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Sunday’s Worship Music

Sunday, November 18

Intermezzo in A Major, Op. 118, No. 2 – Johannes Brahms

(8:30) Youth Choir
(11:00) Ev’ry time I feel the spirit – arr. William L. Dawson

THIS MORNING’S VOLUNTARY is taken from Six Pieces for Piano, Op. 118, and is one of the most beloved compositions that Johannes Brahms (1833-1897) wrote for solo piano. Like many great composers, Brahms was a child prodigy. Later, as a teenager, he would earn money playing the piano in the brothels that dotted Hamburg’s docks while playing the occasional piano recital and trying his hand at composition. He would grow to become one of the greatest composers of all time, and it was Hans von Bülow (1830-1894), one of the most famous conductors of the 19th Century, who dubbed him one of The Three Bs (Bach, Beethoven and Brahms). Completed in 1893 and dedicated to his close friend Clara Schumann, Six Pieces for Piano, Op. 118 was the penultimate composition published during his lifetime. Introspective in nature, it was also his penultimate work composed for piano.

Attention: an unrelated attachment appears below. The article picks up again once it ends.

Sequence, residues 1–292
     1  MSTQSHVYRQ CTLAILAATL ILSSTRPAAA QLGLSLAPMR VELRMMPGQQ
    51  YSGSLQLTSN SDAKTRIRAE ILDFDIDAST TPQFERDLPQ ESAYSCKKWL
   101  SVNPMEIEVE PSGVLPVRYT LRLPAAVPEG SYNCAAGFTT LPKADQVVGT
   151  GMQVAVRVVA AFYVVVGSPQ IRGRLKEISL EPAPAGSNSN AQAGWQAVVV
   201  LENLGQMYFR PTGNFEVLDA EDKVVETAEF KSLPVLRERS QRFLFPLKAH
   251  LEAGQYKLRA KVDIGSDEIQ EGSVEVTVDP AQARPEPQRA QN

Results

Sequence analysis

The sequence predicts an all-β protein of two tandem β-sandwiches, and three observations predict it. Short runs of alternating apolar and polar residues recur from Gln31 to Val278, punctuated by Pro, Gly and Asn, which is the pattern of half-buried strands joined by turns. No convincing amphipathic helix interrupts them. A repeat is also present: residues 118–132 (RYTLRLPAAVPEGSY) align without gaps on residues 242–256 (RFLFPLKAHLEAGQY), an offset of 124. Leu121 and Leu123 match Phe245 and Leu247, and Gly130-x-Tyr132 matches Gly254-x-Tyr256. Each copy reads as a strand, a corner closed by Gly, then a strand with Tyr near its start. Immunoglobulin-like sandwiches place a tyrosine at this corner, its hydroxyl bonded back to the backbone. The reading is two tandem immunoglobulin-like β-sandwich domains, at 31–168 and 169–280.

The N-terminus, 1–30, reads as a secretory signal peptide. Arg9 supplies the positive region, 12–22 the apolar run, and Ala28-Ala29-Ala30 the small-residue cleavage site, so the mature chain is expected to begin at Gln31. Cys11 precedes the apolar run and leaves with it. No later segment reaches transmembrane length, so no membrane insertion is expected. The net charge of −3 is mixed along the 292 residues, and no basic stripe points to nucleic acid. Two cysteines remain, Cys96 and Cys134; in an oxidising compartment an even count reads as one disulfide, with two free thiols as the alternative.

Sunday, November 25

Majeur from Offertoire sur les Grands jeux – François Couperin

(8:30) Dialogue (Basse de Trompette) – Couperin
(11:00)  My Eternal King – Jane Marshall

THIS MORNING’S ORGAN MUSIC: In celebration of Christ the King Sunday, this morning’s organ music has Royal antecedents. François Couperin, organist to Louis XIV at the Palace of Versailles’ Chappelle Royale, was only 22 when the King granted him the right to publish this music. The Voluntary is a portion of Couperin’s magnificent Offertoire, one of twenty-seven pieces he composed specifically for use in parish churches during the Mass. Much like Bach’s triple-fugue in E-flat Major, Couperin’s Offertoire is a tripartite work which extols the glory of the Holy Trinity. This morning we hear that part of the Offertoire which pays homage to the “Motivity of the Holy Spirit.” Throughout this work, Couperin employs the French Overture rhythm, often called the Royal rhythm, in which groupings of two notes, a long note followed by a short note, are heard in succession. This rhythmic device popular in Seventeenth and Eighteenth-Century France imparts a regal and stately grandeur to the music.